Your style as a shopper and collector of wardrobe bits has a lot to do with the basics of your personality, with learned behavior, and with budgetary constraints. All of these factors change and shift, so it's natural that your shopping style will evolve over a period of years, just as your wardrobe does. Shopping style does relate to personal style because you are what you buy, but trust me, the Helter-Skelter Shopper does not look like a mess.
When you're up against it and set free in a store, what kind of shopper do you become? Take this little quiz and see if it helps to identify your shopping style.
What Kind of Shopper Are You?
1. To me, shopping is:
A) better than sex
B) an occupation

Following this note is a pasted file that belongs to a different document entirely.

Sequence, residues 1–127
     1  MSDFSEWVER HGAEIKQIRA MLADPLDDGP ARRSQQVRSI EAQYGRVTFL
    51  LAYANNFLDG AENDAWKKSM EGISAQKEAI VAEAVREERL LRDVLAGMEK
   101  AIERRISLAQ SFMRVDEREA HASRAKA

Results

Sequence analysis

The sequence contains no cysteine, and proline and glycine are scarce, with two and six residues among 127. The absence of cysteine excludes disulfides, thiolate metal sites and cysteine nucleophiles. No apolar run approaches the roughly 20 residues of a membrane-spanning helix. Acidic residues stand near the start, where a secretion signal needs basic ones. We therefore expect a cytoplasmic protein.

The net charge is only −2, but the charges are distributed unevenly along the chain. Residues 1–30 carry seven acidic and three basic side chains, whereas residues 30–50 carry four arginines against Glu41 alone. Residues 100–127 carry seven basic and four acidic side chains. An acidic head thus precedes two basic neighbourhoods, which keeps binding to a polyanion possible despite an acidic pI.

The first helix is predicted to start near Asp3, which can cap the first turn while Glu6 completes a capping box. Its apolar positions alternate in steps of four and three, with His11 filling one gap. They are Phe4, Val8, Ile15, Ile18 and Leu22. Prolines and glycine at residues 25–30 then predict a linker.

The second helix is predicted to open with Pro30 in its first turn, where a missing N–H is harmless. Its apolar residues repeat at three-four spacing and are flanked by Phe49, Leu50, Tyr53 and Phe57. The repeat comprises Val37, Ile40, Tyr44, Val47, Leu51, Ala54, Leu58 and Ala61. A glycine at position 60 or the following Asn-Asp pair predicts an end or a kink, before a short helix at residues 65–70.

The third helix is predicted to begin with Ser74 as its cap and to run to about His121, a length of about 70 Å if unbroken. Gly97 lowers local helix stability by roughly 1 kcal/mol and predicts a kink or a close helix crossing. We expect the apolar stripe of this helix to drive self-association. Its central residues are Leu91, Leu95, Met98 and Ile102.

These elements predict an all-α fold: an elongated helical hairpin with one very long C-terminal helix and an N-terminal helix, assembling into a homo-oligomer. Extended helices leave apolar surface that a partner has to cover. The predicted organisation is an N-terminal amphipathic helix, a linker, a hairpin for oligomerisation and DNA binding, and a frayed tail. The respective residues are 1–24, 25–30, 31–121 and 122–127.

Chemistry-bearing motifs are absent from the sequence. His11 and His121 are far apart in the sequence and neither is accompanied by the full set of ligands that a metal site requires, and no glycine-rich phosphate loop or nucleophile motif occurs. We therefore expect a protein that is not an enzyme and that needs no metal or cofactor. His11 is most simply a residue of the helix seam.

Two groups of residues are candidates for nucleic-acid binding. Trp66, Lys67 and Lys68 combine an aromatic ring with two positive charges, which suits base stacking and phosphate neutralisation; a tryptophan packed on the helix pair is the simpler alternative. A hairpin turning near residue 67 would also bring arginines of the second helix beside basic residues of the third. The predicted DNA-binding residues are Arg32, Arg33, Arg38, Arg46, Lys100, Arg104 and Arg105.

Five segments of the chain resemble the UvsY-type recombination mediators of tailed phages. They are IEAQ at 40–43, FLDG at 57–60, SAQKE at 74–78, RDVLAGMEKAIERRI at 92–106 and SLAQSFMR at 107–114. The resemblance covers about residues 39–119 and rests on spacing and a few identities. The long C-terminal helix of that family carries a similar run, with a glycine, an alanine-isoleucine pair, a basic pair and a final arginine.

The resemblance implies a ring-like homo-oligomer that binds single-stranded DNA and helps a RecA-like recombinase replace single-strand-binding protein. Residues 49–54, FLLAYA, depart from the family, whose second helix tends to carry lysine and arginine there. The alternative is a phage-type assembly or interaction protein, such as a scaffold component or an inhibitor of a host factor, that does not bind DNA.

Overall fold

C) a necessary evil
D) a creative endeavor
2. I go shopping:
A) whenever I can
B) when the new clothes get to the stores
C) only if I need something
D) if I can find the time
3. I prefer to shop:
A) whenever possible
B) at lunch or on Saturdays
C) on weekends or days off
D) at night when stores are less crowded
4. When I find something I like:
A) I grab it and pay; I can always return it
B) I walk away to seriously think it over or discuss it with a loved one
C) I try it on, then decide if I really need it
D) I try it on and decide if it makes sense
5. My preferred shopping partner is:
A) my husband, my boyfriend, my sisters, my mother, my friends--it's always a party
B) my mom or my best friends
C) my mom
D) no one
6. I buy clothes to:
A) have plenty of choices when I need them
B) make a statement
C) cover my figure flaws